- Exempted buildings and empty buildings relief
- Transitional relief
We won’t go into too much detail about how to qualify for these, but you can find out for yourself, here.
Altogether, it’ll look like this:
(Rateable value x multiplier) – relief discount = annual business rate
Business rates in Scotland are calculated by a similar process.
First, you find your property’s rateable value. You can find that here, or have it valued by a Scottish assessor.
Next, you multiply the rateable value by ‘poundage’. Poundage is just usually a flat rate of 49 pence. However, properties with higher rateable value will be charged a little extra.
Intermediate property values (£51,000 – £95,000) will be multiplied by 50.3 pence.
Higher property values (£95,000 and above) will be multiplied by 51.6 pence.
Unlike England and Wales, property values are based on valuations made on 1 April 2015. The next valuation date will be 1 April 2022.
And finally, like before, you can get a discount by applying for reliefs. Some of the most common reliefs apply if your property:
- has a small rateable value (Small Business Bonus Scheme)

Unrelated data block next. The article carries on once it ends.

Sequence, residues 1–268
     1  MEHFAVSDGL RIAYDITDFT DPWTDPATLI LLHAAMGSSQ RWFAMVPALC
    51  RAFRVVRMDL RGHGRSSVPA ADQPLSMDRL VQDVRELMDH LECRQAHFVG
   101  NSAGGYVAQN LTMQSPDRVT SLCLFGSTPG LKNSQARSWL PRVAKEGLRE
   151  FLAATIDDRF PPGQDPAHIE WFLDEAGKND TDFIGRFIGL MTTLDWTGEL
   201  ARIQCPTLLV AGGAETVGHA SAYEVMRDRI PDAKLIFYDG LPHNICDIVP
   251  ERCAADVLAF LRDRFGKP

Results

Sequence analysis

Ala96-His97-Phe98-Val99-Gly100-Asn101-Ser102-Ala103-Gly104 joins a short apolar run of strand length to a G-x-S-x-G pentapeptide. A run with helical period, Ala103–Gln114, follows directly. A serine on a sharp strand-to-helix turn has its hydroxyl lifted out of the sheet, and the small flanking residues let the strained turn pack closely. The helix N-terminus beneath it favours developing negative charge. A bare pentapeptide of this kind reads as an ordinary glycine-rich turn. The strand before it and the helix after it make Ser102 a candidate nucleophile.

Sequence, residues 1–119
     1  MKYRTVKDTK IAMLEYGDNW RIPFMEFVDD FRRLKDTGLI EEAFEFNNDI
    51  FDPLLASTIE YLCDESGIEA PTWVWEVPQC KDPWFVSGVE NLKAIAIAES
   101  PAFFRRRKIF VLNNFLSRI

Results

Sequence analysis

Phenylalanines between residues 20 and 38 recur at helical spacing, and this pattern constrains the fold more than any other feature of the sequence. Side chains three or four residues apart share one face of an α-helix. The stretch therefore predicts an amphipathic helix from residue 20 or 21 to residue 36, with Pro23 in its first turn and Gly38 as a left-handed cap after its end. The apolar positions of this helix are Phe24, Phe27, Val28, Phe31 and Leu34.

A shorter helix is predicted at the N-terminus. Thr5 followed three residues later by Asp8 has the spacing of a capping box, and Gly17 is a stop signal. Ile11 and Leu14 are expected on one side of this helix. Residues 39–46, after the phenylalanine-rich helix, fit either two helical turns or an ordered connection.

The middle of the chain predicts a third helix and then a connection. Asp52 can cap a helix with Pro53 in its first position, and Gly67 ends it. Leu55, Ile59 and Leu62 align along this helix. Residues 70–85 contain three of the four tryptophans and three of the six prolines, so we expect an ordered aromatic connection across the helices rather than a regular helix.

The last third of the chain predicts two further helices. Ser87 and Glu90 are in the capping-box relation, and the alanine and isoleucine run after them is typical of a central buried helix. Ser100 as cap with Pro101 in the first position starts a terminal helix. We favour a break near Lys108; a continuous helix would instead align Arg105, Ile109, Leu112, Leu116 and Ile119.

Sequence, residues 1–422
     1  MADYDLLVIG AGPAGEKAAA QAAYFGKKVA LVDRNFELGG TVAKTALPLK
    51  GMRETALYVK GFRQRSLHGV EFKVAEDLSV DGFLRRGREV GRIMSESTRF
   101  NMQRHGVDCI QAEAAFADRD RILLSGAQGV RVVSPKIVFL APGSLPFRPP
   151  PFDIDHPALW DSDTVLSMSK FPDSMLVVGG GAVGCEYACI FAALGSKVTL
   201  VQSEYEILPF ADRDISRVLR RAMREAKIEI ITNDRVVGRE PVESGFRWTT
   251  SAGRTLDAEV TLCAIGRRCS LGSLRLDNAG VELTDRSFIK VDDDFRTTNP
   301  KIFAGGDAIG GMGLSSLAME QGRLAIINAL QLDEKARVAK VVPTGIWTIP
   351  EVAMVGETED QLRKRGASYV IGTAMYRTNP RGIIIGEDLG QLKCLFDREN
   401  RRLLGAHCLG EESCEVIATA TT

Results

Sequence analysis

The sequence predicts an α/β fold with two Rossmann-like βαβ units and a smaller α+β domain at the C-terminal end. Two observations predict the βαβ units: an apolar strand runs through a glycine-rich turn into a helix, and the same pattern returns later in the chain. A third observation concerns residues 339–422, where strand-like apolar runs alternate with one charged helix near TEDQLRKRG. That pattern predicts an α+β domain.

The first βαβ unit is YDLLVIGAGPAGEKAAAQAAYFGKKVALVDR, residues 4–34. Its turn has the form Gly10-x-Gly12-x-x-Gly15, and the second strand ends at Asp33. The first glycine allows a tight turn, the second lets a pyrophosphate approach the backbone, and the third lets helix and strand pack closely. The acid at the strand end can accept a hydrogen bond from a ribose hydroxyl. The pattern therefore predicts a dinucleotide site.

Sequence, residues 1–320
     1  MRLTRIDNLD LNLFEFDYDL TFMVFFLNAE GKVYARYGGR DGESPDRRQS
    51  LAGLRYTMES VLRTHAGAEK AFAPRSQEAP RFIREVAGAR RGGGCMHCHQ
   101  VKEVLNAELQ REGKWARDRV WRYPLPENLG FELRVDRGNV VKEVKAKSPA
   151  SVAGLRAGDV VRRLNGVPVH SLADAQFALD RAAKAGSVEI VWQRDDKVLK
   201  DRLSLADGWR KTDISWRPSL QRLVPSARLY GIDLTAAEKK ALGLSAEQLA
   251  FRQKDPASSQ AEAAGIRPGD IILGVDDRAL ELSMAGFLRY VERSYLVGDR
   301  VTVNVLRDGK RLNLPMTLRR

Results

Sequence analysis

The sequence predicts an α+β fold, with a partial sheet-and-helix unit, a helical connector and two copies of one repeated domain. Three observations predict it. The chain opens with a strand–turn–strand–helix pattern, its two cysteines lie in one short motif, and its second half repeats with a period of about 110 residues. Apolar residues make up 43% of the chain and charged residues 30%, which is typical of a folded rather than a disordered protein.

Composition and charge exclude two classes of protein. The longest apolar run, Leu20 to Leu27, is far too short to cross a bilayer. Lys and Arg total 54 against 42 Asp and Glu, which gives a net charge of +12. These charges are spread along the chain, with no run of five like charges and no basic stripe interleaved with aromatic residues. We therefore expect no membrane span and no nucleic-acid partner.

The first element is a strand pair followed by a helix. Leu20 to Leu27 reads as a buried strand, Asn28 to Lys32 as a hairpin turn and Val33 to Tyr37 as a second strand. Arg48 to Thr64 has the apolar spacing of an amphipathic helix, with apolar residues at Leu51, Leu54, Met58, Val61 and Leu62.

- is in a rural area
- is used for charity or religious purposes
- has been empty recently
There are a whole lot more than those mentioned above. But, you can see a full list of non-domestic rate reliefs here. When you know your rateable value, poundage, and reliefs, you just need to do some more maths.
(Rateable value x poundage) – relief discount = annual business rate
You can find an estimate of your annual business rates using the Scottish Government’s non–domestic rates calculator.
In Northern Ireland, business rates are calculated using three figures:
Net Annual Value (NAV)
The annual rental value of your property. The valuation is based on similar properties in the area, and they’re based on values assessed from 1 April 2018. You can look up your property’s NAV here.
Non-Domestic regional rate
A rate set annually by the Northern Ireland Executive. They apply to each district council area. You can find your non-Domestic regional rate here.
Non-Domestic district rate
A rate set by each district council in Northern Ireland. You can find your non-Domestic district rate here.
Once you have these 3 figures, it’s time for a little more maths.
Add your regional and district rates together. Then multiply that number by your NAV and you have your annual business rate. Like this:
NAV x (non-Domestic regional rate + non-domestic-district rate) = Business rates.
You can also use a rate calculator for this sum.
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The Countingup business current account comes with a handy app that automates a lot of the tedious parts of financial bookkeeping.
It’ll keep track of all your income and expenses (like business rate payments!), in real time, so you’ve got an accurate picture of your business’ performance.
Find out how Countingup can save you hours of financial admin to help make your bookkeeping a whole lot easier here.